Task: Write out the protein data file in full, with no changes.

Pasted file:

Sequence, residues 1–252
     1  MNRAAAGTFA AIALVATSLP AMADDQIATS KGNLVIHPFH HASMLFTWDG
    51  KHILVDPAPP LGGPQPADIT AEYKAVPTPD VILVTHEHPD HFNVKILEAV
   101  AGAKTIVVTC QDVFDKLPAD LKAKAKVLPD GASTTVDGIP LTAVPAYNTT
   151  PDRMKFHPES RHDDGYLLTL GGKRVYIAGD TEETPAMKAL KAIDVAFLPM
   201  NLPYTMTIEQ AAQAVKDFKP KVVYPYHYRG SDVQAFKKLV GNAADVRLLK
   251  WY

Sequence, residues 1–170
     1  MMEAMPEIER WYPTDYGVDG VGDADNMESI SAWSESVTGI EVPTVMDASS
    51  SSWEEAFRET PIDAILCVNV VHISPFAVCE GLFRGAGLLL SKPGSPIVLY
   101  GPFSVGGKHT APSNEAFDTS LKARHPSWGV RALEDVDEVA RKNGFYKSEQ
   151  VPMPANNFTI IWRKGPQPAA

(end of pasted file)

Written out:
Sequence, residues 1–252
     1  MNRAAAGTFA AIALVATSLP AMADDQIATS KGNLVIHPFH HASMLFTWDG
    51  KHILVDPAPP LGGPQPADIT AEYKAVPTPD VILVTHEHPD HFNVKILEAV
   101  AGAKTIVVTC QDVFDKLPAD LKAKAKVLPD GASTTVDGIP LTAVPAYNTT
   151  PDRMKFHPES RHDDGYLLTL GGKRVYIAGD TEETPAMKAL KAIDVAFLPM
   201  NLPYTMTIEQ AAQAVKDFKP KVVYPYHYRG SDVQAFKKLV GNAADVRLLK
   251  WY

Sequence, residues 1–170
     1  MMEAMPEIER WYPTDYGVDG VGDADNMESI SAWSESVTGI EVPTVMDASS
    51  SSWEEAFRET PIDAILCVNV VHISPFAVCE GLFRGAGLLL SKPGSPIVLY
   101  GPFSVGGKHT APSNEAFDTS LKARHPSWGV RALEDVDEVA RKNGFYKSEQ
   151  VPMPANNFTI IWRKGPQPAA